In the post-September 11, 2001 era, the United States has emerged as the leading nation in combating terrorism. The United Kingdom, as America’s most loyal partner in Europe, has provided vital political and strategic support in the global war against al Qaeda and its affiliates.
Since Gordon Brown replaced Tony Blair on June 27, the question has arisen whether No. 10 Downing Street will focus more on national challenges rather than regional and global security concerns, particularly in light of last summer’s car bomb plots in London and Glasgow. If the answer is yes, it is likely Germany, the United States’ other pre-eminent European ally in the War on Terror, will replace Britain as the key counterterrorism player in the region.
After all, Germany, under the leadership of Angela Merkel (who became the chancellor in 2005) has already undertaken important strategic and tactical steps in its capacity as president of the European Council during the first six months of 2007.
Mention should be made of Germany’s leadership in implementing EU counterterrorism strategy in regard to preventing radicalization and the recruitment of terrorists, protecting ordinary citizens and infrastructure, pursuing and investigating suspects, and improving the response to consequences of attacks.
The visit to Washington, D.C. last month by Minister of Interior Wolfgang Schaeuble is the latest example of Germany’s international cooperation efforts.
If one is to assess the possible outlook for Berlin’s role in the coming months and years, it is important to provide a historical context of the country’s past experience and lessons learned. Indeed, Germany has faced both domestic and international terrorism for decades. The domestic challenge to Germany initially developed in the late 1960s and 1970s, partly as a result of “under-identification” with the postwar democracy because of the nation’s Nazi past.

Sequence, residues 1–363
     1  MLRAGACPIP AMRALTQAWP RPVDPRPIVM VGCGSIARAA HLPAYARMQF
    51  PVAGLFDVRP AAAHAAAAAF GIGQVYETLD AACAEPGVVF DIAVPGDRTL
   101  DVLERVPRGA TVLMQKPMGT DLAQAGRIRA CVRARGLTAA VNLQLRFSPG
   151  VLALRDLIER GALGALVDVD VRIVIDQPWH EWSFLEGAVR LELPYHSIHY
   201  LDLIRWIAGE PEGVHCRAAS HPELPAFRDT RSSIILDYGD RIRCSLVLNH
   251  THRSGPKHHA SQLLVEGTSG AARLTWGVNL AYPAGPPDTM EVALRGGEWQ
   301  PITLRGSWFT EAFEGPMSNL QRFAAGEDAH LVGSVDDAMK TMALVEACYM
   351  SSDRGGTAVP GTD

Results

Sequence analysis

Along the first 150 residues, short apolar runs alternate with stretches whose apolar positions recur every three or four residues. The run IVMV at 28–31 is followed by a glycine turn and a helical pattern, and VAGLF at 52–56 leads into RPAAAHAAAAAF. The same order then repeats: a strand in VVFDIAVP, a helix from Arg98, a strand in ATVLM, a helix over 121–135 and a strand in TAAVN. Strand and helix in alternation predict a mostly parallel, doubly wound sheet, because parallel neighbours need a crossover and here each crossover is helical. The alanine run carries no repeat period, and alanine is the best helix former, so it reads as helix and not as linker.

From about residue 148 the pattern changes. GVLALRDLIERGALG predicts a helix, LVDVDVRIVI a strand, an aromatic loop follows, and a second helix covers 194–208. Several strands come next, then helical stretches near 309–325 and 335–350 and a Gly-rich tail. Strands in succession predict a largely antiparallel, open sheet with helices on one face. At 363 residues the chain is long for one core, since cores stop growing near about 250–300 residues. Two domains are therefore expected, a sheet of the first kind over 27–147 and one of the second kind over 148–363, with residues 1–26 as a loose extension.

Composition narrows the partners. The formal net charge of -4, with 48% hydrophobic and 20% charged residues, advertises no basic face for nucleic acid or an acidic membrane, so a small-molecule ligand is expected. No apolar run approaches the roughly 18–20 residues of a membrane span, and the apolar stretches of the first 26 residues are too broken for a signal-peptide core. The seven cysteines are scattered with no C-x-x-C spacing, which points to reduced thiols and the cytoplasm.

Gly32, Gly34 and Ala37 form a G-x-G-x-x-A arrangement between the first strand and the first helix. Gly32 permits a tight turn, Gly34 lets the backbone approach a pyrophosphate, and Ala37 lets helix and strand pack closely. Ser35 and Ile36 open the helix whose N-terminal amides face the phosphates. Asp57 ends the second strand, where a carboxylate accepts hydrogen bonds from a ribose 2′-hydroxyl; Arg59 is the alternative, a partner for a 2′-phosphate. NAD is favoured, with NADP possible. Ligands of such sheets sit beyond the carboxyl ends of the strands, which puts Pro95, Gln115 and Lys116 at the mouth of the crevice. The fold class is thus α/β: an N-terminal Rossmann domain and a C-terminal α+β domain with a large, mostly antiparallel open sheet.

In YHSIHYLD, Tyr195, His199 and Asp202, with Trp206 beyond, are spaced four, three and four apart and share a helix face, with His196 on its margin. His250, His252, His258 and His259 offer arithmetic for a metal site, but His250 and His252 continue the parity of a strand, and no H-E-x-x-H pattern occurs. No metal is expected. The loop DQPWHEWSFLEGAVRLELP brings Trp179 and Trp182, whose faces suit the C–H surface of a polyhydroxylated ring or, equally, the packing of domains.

The Red Army Faction (RAF), also known as the Baader-Meinhof Gang, became one of the most durable terrorist groups in Europe, operating into the early 1990s. Right-wing political violence, particularly against foreigners in Germany, also challenged national security. Moreover, the country had to cope with Middle Eastern spillover terrorism, including Iranian, Palestinian, Kurdish and Algerian threats.
As early as the 1970s, Germany established a computerized police and intelligence apparatus. The domestic databases, used for “grid searching,” were adjusted in the post-September 11, 2001, period in an effort to prevent future attacks on the country.
Since 2002, the government also allocated substantial funding to combat terrorism and provide a strong legal framework to deal with multifaceted needs, including the “First Security Package” (e.g., banning the Hamas-related charity al-Aqsa) and the “Second Security Package” (e.g., marshals on civilian airliners). Additionally, in 2005, other policy changes improved German counterterrorism capabilities, such as greater centralization of the security services.